1. They help to illustrate the layout and orientation of the building or development on the site, providing a clear visual representation of how the building or development will fit on the property and how it will relate to its surroundings.
  2. Site plans show the relationship of the building to its surroundings, helping to understand how the building or development will fit into the larger context of the neighborhood or community.
  3. Site plans identify potential site constraints or challenges, helping to ensure that the design takes these factors into account and minimizes any potential challenges or delays during the construction process.
  4. Site plans help to communicate the design to stakeholders, including contractors, engineers, and local authorities, and can be used to obtain building permits and other approvals.
  5. Site plans can be used to assess the feasibility of a building or development project by identifying any potential challenges or constraints that may need to be addressed in the design. This helps to ensure that the project is realistic and can be completed within budget and on schedule.

What should be included in a site plan?

When creating an architectural site plan, it is important to include both existing and proposed conditions on the drawing. This helps city officials and plan reviewers understand the full scope of the project and allows them to identify any potential issues or challenges that may need to be addressed.

As highlighted below, existing conditions may include details such as fence lines, utility lines, and other existing structures or features on the site. Proposed conditions may include the layout and dimensions of the building or development, as well as any changes that will be made to the site as part of the construction process.

By presenting both existing and proposed conditions on the site plan, you can ensure that all relevant parties are aware of the project and can make informed decisions about the construction process.

Architectural Site Plan

A site plan also typically includes a full range of detailed information about the building or development site, including:

  1. Title of project: The title of the project may include the name of the building or development, the address of the site, and any other relevant details.
  2. Site boundary: The boundary of the site is usually shown on the site plan in red, and may include details such as the dimensions of the property and any adjacent properties.
  3. Property lines: The site plan should show the precise location of the building or structures on the property, as well as their dimensions and orientation.
  4. Outdoor spaces: Site plans may show the layout of any outdoor spaces such as parking lots, courtyards, or landscaped areas.
  5. The location of streets, sidewalks, and other features in the surrounding area: The site plan should include the location of streets, sidewalks, and other structures in the surrounding area, as well as the orientation and dimensions of the building in relation to these features.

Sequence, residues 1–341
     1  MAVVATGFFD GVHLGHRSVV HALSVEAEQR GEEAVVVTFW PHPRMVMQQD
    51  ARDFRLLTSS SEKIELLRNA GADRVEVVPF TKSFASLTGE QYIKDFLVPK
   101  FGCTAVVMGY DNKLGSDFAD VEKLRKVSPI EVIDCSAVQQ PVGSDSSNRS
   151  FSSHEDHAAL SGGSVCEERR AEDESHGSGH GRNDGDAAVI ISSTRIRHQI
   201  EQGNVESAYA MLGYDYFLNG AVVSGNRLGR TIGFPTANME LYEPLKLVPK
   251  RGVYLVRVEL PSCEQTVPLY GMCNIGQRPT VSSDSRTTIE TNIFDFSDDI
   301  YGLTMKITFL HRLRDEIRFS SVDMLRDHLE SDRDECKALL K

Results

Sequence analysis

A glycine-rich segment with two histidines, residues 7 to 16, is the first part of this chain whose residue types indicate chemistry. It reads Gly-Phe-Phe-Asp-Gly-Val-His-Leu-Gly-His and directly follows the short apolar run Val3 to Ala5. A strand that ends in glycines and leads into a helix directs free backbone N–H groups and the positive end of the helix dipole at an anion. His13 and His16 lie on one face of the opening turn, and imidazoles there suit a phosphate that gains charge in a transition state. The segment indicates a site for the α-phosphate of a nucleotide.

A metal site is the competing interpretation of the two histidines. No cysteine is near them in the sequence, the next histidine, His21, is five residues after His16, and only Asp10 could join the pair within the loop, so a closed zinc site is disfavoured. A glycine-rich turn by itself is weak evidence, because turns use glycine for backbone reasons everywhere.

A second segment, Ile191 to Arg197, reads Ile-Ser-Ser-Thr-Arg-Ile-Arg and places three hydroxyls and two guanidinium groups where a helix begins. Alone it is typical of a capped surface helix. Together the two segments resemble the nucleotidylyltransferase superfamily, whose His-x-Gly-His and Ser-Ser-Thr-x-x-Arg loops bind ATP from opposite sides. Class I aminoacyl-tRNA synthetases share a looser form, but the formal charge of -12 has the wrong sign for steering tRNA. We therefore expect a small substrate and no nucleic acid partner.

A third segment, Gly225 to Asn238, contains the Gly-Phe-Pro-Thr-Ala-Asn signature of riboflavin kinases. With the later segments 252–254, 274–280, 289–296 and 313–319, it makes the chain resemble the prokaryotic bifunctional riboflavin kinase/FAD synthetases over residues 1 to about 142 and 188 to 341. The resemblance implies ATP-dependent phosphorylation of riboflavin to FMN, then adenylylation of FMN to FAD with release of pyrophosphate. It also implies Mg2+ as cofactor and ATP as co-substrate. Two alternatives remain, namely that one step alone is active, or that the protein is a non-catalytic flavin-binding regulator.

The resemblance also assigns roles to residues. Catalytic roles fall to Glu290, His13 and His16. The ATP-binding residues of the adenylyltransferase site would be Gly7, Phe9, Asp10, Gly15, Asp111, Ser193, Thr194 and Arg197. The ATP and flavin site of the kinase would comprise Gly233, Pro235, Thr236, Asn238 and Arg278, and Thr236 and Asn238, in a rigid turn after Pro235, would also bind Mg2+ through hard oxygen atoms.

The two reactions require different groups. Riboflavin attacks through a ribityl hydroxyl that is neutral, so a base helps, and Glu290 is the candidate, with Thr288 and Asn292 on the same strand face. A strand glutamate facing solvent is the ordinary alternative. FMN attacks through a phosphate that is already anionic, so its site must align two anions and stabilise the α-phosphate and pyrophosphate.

6. Topographic features and levels: The site plan may show the elevation of the site, as well as the height of the building or structures in relation to the surrounding area.
  7. Materials: The site plan may include details about the materials that will be used in the construction of the building or development, such as the type of foundation, exterior cladding, and roofing.
  8. Landscaping and tree locations: The site plan should show the location of any trees on the property, as well as any landscaped areas or plantings. It may also include details about any tree protection orders or other environmental regulations that may impact the design of the site.
  9. Zoning information: Site plans may include details about the zoning of the property, including any restrictions or requirements that may impact the design of the building or development.
  10. Access: The site plan should show the location of any roads or driveways that provide access to the site, as well as any pedestrian pathways or rights of way.
  11. Parking: The site plan should show the location and dimensions of any parking areas on the property.
  12. Buildings to be demolished or removed: If the site plan includes the demolition or removal of any existing buildings or structures, these should be indicated on the plan.
  13. Existing landscaping, fencing, or walls to be removed: The site plan may show any existing landscaping, fencing, or walls that will be removed as part of the construction process.
  14. Services and utilities: The site plan should include the location of any utilities such as water, sewer, electricity, and gas lines that are present on the property.
  15. External lighting: The site plan may include details about any external lighting that will be installed on the property, such as streetlights or security lights.
  16. Gates, fences, bin stores, and cycle storage: The site plan should show the location of any gates, fences, bin stores, or cycle storage areas on the property.
  17. Fire access points: The site plan should include the location of any fire access points, such as fire hydrants or fire lanes, on the property.
  18. North arrow: Site plans should include a north arrow to indicate the orientation of the site and the building.